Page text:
The National Basketball Association (“NBA”) has partnered with NextVR, a leading broadcaster of live events in virtual reality, to offer fans an immersive game-watching experience that allows them to feel like they have front row seats from the comfort of their own home. Launched for the 2016/17 season, the NBA is the first major American sports league to offer a series of scheduled games via this distribution method. In order to tune in to the limited selection of games, fans must obtain compatible VR-enabled hardware – the NBA VR broadcasts currently work on the Samsung Gear and Google Daydream View –, download the NextVR app, and purchase a subscription or single-game via NBA League Pass. While the initiative is still limited in scale and subject to technical resolution and blackout issues, initial reviews of the experience are positive. If the NBA can get the VR formula right, it has the opportunity to add additional revenue streams to its current profit formula in the form of content and advertising sales that can potentially stem the losses caused by cable subscription declines.
Compared to other sports, basketball is uniquely positioned to translate nicely to a VR experience. Basketball courts represent one of the smaller playing areas compared to other major sports like American football and soccer and the ten players are typically concentrated in the same 50% of the court at any given time, meaning that it is easier to capture all the action with VR-enabled equipment. Additionally, the NBA is the only professional American sport in which some fans sit right on the playing surface as opposed to being restricted by glass (i.e. in the NHL) or fences (i.e. in the MLB), translating to an unparalleled experience in which you see every play and hear every whistle. Thus, courtside seats are some of the most sought-after tickets in sports and entertainment, with an average face value of ~$2,500, increasing to an absurd $60,000 for some playoff games.  Finally, seeing these seven-foot-plus specimens up close is truly incredible when compared to professional soccer, baseball, and football players who average 6’1”, 5’11”, and 6’1”, respectively.
Therefore, experiencing an NBA game from a virtual courtside seat is a uniquely compelling value proposition for fans. It allows them to feel like they are in an NBA game regardless of whether they are out of town or cannot afford an expensive seat. By producing the VR product in a similar way games are currently produced for 2D viewing, VR fans do not miss any of the content they are used to in terms of commentating, player statistics, replays, and clock tracking. Additionally, because of NextVR’s unique technology, “the players are lifelike, and the edges of the video don’t distort.” These factors create immense value for the discerning NBA fan. To summarize in the words of one reporter, “I wasn’t sitting in a posh courtside seat at Madison Square Garden, with Anthony’s derriere obstructing my view—though I may as well have been.”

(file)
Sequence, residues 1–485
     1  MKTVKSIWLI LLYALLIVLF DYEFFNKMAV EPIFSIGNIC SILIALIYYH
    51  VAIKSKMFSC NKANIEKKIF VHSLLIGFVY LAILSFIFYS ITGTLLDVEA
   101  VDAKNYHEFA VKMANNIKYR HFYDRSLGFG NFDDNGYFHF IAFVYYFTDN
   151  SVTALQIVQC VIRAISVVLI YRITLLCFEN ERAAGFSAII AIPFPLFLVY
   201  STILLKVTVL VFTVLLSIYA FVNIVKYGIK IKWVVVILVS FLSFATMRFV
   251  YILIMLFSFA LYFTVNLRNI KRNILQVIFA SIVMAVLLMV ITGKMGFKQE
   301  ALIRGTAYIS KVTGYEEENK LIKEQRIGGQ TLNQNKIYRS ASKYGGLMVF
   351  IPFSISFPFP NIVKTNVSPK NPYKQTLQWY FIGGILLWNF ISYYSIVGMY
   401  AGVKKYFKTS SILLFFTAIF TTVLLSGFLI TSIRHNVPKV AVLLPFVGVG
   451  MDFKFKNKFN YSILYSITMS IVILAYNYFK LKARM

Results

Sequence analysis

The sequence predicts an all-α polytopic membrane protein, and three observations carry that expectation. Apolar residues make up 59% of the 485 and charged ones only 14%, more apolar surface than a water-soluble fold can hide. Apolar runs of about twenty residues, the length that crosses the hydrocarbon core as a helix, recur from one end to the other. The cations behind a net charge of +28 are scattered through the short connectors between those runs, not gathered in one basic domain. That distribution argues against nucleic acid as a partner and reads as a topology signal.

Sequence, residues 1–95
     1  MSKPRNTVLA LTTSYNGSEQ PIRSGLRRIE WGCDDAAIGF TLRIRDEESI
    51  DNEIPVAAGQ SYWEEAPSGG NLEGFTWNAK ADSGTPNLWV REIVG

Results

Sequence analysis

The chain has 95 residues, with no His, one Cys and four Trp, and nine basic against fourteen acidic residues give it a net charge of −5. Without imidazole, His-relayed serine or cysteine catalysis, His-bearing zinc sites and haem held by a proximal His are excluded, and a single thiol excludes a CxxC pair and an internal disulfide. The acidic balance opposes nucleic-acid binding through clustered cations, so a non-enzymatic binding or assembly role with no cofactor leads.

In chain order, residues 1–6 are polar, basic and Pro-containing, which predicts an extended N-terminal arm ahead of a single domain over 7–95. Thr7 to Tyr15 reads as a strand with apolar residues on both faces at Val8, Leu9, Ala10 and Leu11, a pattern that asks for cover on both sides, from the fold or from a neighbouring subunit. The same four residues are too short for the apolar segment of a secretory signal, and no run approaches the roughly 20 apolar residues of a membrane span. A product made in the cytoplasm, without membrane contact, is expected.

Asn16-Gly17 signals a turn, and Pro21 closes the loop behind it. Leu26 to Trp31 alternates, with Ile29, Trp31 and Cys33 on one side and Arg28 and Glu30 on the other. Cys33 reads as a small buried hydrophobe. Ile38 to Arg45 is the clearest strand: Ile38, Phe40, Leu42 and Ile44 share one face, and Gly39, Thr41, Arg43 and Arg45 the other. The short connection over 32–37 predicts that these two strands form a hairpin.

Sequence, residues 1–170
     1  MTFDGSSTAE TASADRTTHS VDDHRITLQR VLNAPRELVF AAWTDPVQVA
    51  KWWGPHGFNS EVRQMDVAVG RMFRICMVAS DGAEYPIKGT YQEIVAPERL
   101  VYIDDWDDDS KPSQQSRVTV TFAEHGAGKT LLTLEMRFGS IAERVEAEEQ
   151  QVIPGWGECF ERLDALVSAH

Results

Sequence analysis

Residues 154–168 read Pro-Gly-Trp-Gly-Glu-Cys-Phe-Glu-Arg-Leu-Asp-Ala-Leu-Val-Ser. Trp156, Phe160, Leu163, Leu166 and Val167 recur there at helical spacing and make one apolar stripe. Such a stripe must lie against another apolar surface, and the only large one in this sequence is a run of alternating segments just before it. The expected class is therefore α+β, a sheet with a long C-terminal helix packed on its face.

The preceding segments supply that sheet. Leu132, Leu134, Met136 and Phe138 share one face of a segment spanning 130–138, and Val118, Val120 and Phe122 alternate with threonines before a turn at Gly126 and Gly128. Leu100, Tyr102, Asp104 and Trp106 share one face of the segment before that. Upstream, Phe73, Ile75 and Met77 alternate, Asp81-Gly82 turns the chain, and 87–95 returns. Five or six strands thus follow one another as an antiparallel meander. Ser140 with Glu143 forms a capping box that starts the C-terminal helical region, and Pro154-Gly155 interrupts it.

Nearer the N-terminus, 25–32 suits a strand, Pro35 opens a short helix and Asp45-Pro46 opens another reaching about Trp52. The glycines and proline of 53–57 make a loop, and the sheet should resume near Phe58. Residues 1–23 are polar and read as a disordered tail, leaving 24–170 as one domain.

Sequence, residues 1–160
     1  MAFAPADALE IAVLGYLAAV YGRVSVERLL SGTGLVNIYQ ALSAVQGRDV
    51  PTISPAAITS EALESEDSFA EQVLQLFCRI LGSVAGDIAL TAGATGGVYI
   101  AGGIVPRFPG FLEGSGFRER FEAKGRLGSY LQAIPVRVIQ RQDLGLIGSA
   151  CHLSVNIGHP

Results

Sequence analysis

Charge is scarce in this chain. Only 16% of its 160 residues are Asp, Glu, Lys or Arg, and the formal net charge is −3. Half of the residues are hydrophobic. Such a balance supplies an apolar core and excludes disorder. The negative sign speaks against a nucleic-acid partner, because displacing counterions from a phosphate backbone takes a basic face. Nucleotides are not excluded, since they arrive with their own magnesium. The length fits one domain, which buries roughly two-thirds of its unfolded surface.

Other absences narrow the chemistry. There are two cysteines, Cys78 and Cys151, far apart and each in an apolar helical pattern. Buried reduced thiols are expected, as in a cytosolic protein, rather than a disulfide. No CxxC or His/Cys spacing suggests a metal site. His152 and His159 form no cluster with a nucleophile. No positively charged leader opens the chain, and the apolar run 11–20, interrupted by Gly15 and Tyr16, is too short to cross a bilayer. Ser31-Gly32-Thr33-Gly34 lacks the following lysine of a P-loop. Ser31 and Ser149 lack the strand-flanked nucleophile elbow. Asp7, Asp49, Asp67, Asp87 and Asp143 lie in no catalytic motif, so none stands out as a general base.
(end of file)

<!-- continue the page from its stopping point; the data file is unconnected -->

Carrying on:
The NBA’s main revenue source for VR games is consumers’ NBA League Pass subscriptions for $200 per season or a-la-carte game purchases for $7 each. Viewership figures have not been disclosed but are likely quite small at this point. Thus, more than dollars, the NBA’s main payoff for this initiative in the near term is solidifying a reputation for cutting edge content distribution and gaining the chance to test this form of content distribution with fans. If broader VR technology adoption continues to grow, the NBA will be in a strong position to monetize via game access fees and advertising. If this segment reaches big enough scale, the NBA could even consider selling its digital VR rights to a third-party distributor, like what the league currently does with its television rights.
In the short term, the NBA’s VR capabilities are currently limited by the pace of technological improvements. The resolution is not perfect which may adversely impact fans’ interest in watching via this medium. Additionally, it is unknown whether watching an entire two-hour game via VR is either healthy or enjoyable for one’s brain.
Assuming these obstacles are eventually overcome, the NBA has the opportunity expand its VR offering beyond one game per week. It could even offer broader content than just games, such as behind-the-scenes practice access or virtual tickets to the all-star game. More than increasing the content offered on the VR platform, advancements in this field could also allow the NBA to increase its global audience. Avid NBA fans exist across the world, particularly in China, and once the NBA VR offering is refined, the league could sell virtual season tickets to monetize games beyond the ~20,000 stadium seat tickets.
Finally, one of the core arguments against VR experiences is that the joy of attending an event lies in sharing it with friends. This point is well taken – how many times have you bought a single ticket to a game rather than attended with a buddy or partner? Thus, I would recommend that the NBA, in partnership with NextVR, consider building in some sort of chat or community function into the VR viewing experience. This would increase the stickiness of the platform and potentially drive network effects such that fans whose friends are viewing NBA VR content feel compelled to do so as well.